Drawn to themes of human emotion and fantastical concepts, Kathleen Bu is a young Singaporean filmmaker who threads each story she encounters with empathy and a little bit of madness. Since graduating from Film, Sound & Video Ngee Ann Polytechnic in 2019, Kathleen has made several short films. Most notably, her thesis film Lady E’s Wedding Revenge Plan (2019) was awarded Best Live Action, Director & Editing at Singapore’s National Youth Film Awards 2020. Kathleen was also a panelist at SGIFF’s Film Youth Jury & Critics 2020 where she wrote film critiques and judged for the Southeast Asian Short Film Competition. Her first horror short You Will See, is mentored by award-winning Malaysian filmmaker Bradley Liew. It premiered at the Bucheon International Fantastic Film Festival 2022. In her spare time, you can find Kathleen reading Haruki Murakami’s books or watching vastly different film genres; all while diligently logging them on Letterboxd.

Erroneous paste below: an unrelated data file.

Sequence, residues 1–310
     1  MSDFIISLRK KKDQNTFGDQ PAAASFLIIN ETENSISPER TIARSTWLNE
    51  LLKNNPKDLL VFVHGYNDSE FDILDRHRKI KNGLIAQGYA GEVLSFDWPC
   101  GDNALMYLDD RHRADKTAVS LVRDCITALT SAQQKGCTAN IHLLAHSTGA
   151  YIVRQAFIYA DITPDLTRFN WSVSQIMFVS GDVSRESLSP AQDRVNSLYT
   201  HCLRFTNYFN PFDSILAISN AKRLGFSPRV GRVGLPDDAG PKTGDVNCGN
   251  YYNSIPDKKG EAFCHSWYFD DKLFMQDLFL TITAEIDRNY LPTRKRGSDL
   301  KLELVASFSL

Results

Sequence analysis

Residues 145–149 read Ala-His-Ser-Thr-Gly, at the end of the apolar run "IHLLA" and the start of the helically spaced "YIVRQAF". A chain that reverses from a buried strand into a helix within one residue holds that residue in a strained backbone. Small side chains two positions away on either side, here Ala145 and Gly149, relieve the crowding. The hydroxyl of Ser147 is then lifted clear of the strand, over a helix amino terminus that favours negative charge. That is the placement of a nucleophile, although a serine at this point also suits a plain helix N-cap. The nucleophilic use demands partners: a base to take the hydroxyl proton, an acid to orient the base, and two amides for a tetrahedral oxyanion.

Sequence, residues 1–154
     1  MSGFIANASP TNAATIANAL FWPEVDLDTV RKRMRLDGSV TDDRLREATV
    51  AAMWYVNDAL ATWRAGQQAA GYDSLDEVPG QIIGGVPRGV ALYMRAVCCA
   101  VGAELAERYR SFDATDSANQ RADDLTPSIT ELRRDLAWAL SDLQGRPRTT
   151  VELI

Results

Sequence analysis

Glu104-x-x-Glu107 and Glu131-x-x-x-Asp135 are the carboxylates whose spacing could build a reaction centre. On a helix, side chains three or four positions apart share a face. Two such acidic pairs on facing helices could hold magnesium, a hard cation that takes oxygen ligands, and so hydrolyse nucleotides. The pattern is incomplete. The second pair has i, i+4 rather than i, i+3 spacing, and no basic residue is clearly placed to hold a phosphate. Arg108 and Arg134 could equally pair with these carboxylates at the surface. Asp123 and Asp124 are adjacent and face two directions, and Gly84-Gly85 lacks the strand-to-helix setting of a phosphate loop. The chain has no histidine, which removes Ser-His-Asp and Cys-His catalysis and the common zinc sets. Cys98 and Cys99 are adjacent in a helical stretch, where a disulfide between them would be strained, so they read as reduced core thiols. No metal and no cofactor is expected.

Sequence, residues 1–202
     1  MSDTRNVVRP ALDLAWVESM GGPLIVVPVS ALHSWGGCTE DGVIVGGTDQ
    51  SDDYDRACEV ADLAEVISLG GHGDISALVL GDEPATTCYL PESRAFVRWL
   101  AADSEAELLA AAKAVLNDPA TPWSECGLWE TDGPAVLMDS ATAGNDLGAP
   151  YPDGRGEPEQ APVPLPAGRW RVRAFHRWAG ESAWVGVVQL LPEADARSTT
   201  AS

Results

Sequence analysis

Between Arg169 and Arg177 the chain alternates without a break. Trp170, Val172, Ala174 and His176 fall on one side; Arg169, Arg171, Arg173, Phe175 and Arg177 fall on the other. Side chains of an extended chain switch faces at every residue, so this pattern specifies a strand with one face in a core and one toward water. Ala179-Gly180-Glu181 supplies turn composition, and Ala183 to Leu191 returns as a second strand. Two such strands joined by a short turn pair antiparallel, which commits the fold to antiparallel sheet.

Moe Myat May Zarchi (b.1994, Myanmar) is a filmmaker, musician and a lens-based media artist. Her short films have been screened at International Short Film Festival Oberhausen, Vienna Shorts, Women Make Waves Int’l Film Festival and so on. Her films have won awards at Singapore International Short Film Festival (SGIFF), Bangkok Asean Film Festival (BAFF), UK Asian Film Festival and Vesoul International Film Festival of Asian Cinema (FICA). Her recent short film The Altar just won the Arte Award at Kurzfilm Hamburg in 2023. She was also nominated as a finalist in Julius Baer Next Generation Art Prize in the category Moving Image and was awarded Prince Clause seed awards for emerging artist. In most of her works, Moe loves to explore the metaphysical, identity, femininity and personal aspects in storytelling through innovative use of visuals and sound. She is also the founder of ‘3-ACT’, a cinema magazine and a film education initiative, to support narrative storytelling in the film community in Myanmar. She also co-founded an interdisciplinary arts initiative called ‘MATTER audiovisual lab’ to interconnect innovative different forms of art and other disciplines.